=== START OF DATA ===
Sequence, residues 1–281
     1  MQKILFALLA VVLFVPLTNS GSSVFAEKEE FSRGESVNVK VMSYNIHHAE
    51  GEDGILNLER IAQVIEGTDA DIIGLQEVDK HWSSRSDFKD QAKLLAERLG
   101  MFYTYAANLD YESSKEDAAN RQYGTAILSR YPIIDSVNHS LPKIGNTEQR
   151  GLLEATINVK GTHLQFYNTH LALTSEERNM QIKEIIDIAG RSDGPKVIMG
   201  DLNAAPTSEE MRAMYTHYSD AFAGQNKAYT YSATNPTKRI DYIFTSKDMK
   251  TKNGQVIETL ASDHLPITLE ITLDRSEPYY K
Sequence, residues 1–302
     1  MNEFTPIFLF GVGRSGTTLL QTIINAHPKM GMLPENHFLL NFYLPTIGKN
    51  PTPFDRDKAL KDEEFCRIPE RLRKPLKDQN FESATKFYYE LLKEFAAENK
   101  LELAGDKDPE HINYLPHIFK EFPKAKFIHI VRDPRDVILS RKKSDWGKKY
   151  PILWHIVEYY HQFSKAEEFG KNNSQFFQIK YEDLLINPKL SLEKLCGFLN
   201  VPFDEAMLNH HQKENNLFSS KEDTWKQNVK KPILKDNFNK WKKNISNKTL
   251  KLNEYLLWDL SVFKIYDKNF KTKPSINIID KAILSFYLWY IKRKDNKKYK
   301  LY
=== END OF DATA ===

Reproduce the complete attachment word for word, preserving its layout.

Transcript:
Sequence, residues 1–281
     1  MQKILFALLA VVLFVPLTNS GSSVFAEKEE FSRGESVNVK VMSYNIHHAE
    51  GEDGILNLER IAQVIEGTDA DIIGLQEVDK HWSSRSDFKD QAKLLAERLG
   101  MFYTYAANLD YESSKEDAAN RQYGTAILSR YPIIDSVNHS LPKIGNTEQR
   151  GLLEATINVK GTHLQFYNTH LALTSEERNM QIKEIIDIAG RSDGPKVIMG
   201  DLNAAPTSEE MRAMYTHYSD AFAGQNKAYT YSATNPTKRI DYIFTSKDMK
   251  TKNGQVIETL ASDHLPITLE ITLDRSEPYY K
Sequence, residues 1–302
     1  MNEFTPIFLF GVGRSGTTLL QTIINAHPKM GMLPENHFLL NFYLPTIGKN
    51  PTPFDRDKAL KDEEFCRIPE RLRKPLKDQN FESATKFYYE LLKEFAAENK
   101  LELAGDKDPE HINYLPHIFK EFPKAKFIHI VRDPRDVILS RKKSDWGKKY
   151  PILWHIVEYY HQFSKAEEFG KNNSQFFQIK YEDLLINPKL SLEKLCGFLN
   201  VPFDEAMLNH HQKENNLFSS KEDTWKQNVK KPILKDNFNK WKKNISNKTL
   251  KLNEYLLWDL SVFKIYDKNF KTKPSINIID KAILSFYLWY IKRKDNKKYK
   301  LY